Throughout the book, I focus on the latter: i.e., PIL cases, and how they have set the pace for the negation of procedure. This form of laxity in judicial process has bled from PIL to even non-PIL cases. PIL cases are no longer entirely exceptional in this regard. In my conclusion I give the example of a non-PIL civil dispute, albeit a particularly famous one: the judgment by the Lucknow bench on the Babri Masjid/ Ram Janmabhoomi dispute to show that this mode of judicial behaviour is now found across jurisdictions. However, at one point in chapter 1, I suggest that the delegitimisation of procedure in PIL cases and judicial process more generally (my primary focus in the book) achieved through teleological reasoning of the third kind has perhaps fed into the concomitant discourse of the Courts giving short shrift to procedural safeguards (or the absence thereof) in repressive criminal statutes, when it consistently upholds them (the teleological approach of the first kind, ie the immunization approach), accepting curtailment of judicial oversight in criminal inverstigations. In her review, Chandra takes issue with this, pointing out that it need not flow directly from PIL. Admittedly, in this instance, perhaps I have jumped from correlation to causation, and if so, then mea culpa. However, the coincidence of the two developments occurring simultaneously made the resemblance uncanny.
Transformations in Substantive law
Chandra has argued that changes in substantive law since the 1970s are important to the history of PIL. While I do not deny that the so-called ‘Article 21 jurisprudence’ (one can instead use a colloquialism and call it the ‘Raita of Article 21’) has played a crucial role in this history, its extreme expandability since the early 80s can also conversely be read as a byproduct of the PIL (non)procedure. The need for ratiocination in judicial prose and a basic fidelity to law are themselves procedural principles as well. The rise of PIL and its attack on every other aspect of judicial procedure has also meant that minimal hermeneutic labour in the form of judicial justification is no longer at a premium. I would not belabor this “substance vs procedure” point but I do believe that PIL is a particularly important part of this story, because it enables the court to change its process itself. The new goal-oriented approach finds procedure as merely “a handmaiden to justice” which can be done away with in the name of substantive justice. The instances I look at in Chapter 2 and 3, where a cause of action in a writ proceeding can change 9 times, where the Court can repeatedly take decisions without hearing affected parties, where it creates its own enforcement machinery – all illustrate the powers that the PIL court can operationalize. This is not just about judicial logic, but about the entire judicial process, from the initiation of a case to the obtaining and weighing of evidence, even the implementation of its decision. All this can now be shortchanged, thanks to PIL. The rhetoric of immediacy (i.e., the mediation of procedure as no longer essential to justice) ties up with that of teleological reasoning in the rise of PIL.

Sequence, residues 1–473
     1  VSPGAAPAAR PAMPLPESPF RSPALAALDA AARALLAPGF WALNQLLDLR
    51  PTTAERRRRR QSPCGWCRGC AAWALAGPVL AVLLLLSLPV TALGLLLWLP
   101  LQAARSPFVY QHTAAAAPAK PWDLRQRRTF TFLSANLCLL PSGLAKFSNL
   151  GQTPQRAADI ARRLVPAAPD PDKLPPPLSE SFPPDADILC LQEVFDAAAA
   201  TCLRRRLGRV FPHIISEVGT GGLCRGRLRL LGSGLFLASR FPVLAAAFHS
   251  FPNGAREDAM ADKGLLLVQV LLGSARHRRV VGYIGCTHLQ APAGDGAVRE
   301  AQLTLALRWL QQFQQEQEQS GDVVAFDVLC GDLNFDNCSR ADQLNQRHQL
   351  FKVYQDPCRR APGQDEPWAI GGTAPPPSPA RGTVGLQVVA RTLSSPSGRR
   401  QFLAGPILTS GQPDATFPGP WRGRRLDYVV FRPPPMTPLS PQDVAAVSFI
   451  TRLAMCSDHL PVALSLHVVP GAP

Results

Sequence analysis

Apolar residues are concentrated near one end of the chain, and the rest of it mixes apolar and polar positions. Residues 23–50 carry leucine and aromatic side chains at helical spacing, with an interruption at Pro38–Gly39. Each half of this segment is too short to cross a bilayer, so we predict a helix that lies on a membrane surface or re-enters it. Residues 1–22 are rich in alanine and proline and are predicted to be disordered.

Chandra helps explain why I think process is so important. Just to add to that: if fundamental tenets of judicial process are not being followed, it is a moot question if the proceedings can be called adjudication at all. I think J. Pathak in Bandhua Mukti Murcha vs Union of India makes this point very well:
“Whatever the procedure adopted by the court it must be procedure known to judicial tenets and characteristic of a judicial proceeding. There are methods and avenues of procuring material available to executive and legislative agencies and often employed by them for the efficient and effective discharge of the tasks before them. Not all those methods and avenues are available to the Court. The Court must ever remind itself that one of the indicia identifying it as a Court is the nature and character of the procedure adopted by it in determining a controversy. It is in that sense limited in the evolution of procedures pursued by it in the process of an adjudication, and in the grant and execution of the relief. Legal jurisprudence has in its historical development identified certain fundamental principles which form the essential constituents of judicial procedure. They are employed in every judicial proceeding, and constitute the basic infrastructure along whose chamacts flows the power of the Court in the process of adjudication.”